In this lesson students learn about the concept of cognitive biases as well as a number of important cognitive biases that may affect our well-being and social interactions, identify their causes in evolutionary history, their functions, and reflect on how to cope with cognitive biases.
Causes of our moral intuitions
In this lesson students explore the causes of our moral intuitions with the help of a sorting activity based on the work of psychologist Jonathan Haidt and his book The Righteous Mind: Why Good People are Divided by Politics and Religion. Students also evaluate the degree to which our evolved moral intuitions may lead to negative outcomes for ourselves and society in today’s world.
As an extension, students could explore the stories of people who have joined and then left radical movements to understand the conditions under which prejudice, hatred and violence against other people or a group can arise and how they can dissolve again.
- Teaching material type Full lesson plan, Project, Sorting activity, Tinbergen's questions
- Subject Areas Biology, Civics, Ethics, Human Evolution, Philosophy, Social Studies, Social-Emotional Learning
- Learning Goals Cooperation Competency, Evaluation Competency, Evolutionary Thinking, Metacognitive Competency, Self-Regulation Competency
- Suitable Grade Levels 9-12
- Concepts Development of behavior, Emotions, Function of behavior, Mismatch, Morality, Phylogeny, Tinbergen's questions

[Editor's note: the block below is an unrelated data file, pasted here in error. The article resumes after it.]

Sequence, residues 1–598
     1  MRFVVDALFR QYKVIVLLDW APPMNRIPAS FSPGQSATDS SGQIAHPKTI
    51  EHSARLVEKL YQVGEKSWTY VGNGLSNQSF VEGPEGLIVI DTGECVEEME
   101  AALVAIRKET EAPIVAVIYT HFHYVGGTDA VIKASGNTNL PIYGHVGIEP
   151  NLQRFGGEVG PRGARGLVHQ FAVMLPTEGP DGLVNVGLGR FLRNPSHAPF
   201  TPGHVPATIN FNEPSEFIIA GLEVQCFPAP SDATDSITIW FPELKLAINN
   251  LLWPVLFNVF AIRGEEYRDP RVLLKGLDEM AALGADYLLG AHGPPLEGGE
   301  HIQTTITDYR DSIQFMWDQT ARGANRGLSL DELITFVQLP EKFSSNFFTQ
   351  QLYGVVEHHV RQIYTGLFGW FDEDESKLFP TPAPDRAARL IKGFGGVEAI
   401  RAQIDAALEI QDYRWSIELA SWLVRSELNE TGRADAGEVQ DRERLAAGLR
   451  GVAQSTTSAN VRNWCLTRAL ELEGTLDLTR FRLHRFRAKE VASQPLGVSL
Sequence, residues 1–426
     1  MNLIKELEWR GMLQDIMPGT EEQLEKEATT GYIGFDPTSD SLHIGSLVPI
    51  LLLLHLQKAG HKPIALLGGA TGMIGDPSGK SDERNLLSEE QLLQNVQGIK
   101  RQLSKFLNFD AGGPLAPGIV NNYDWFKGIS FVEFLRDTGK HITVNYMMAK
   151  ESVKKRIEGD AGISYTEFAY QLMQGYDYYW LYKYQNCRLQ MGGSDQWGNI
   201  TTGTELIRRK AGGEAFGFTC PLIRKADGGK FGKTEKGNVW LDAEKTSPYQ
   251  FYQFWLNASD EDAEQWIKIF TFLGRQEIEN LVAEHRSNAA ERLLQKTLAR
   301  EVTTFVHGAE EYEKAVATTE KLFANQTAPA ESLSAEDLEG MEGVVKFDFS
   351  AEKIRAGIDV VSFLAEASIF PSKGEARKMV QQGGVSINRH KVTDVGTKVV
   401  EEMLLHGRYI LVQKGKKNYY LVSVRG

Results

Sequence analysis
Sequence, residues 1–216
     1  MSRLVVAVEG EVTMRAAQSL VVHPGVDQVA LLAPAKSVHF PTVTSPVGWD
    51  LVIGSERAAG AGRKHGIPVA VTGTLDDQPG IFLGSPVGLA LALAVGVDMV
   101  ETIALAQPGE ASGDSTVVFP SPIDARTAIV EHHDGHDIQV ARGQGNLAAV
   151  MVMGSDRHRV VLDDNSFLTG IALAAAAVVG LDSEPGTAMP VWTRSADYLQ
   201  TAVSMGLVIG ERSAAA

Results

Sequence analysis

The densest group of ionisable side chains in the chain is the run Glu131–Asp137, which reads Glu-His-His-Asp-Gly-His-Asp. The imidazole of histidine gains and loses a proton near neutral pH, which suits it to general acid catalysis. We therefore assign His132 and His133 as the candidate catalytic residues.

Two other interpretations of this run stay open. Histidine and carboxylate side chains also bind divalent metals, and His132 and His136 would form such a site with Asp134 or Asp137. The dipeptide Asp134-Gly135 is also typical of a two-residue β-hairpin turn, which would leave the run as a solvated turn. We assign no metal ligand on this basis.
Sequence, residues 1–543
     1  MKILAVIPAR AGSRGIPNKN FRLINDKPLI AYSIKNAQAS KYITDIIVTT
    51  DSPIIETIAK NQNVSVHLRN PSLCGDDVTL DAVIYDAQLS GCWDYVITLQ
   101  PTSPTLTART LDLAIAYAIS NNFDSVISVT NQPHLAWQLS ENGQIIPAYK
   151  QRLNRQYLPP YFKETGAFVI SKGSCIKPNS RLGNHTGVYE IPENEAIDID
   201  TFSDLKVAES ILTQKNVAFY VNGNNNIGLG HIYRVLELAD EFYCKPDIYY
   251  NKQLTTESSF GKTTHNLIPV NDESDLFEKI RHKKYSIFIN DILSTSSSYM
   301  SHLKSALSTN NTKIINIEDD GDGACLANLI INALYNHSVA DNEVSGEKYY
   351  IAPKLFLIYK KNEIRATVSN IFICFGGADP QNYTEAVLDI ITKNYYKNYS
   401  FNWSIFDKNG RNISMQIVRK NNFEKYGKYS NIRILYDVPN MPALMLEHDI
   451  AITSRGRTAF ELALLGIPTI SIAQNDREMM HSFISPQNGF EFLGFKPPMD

- Content Anchors Ancient Ancestors, Our Mind
Author: Susan Hanisch
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In this unit students explore stories of people who have left a radical movement, or deliberately discuss with representatives of the “other side” and build respectful relationships. These let us explore the circumstances, experiences and insights about why prejudice, hatred and violence against other people or a group can arise and how they can dissolve again.
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- The Righteous Mind: Why Good People are Divided by Politics and Religion is a 2012 social psychology book by Jonathan Haidt, in which the author describes human morality as it relates to politics and religion. In the first section, Haidt demonstrates that people’s beliefs are driven primarily by intuition, with reason operating mostly to justify beliefs that are intuitively obvious. In the second section, he lays out his theory that the human brain is organized to respond to several distinct types of moral violations, much like a tongue is organized to respond to different sorts of foods. In the last section, Haidt proposes that humans have an innate capacity to sometimes be “groupish” rather than “selfish”. (Source: Wikipedia)